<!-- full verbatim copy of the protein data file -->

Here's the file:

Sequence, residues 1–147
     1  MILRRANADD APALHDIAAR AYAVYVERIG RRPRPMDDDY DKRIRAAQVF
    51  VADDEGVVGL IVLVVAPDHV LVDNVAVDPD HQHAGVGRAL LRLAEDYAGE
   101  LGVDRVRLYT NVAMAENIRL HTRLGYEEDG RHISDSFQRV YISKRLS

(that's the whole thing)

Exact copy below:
Sequence, residues 1–147
     1  MILRRANADD APALHDIAAR AYAVYVERIG RRPRPMDDDY DKRIRAAQVF
    51  VADDEGVVGL IVLVVAPDHV LVDNVAVDPD HQHAGVGRAL LRLAEDYAGE
   101  LGVDRVRLYT NVAMAENIRL HTRLGYEEDG RHISDSFQRV YISKRLS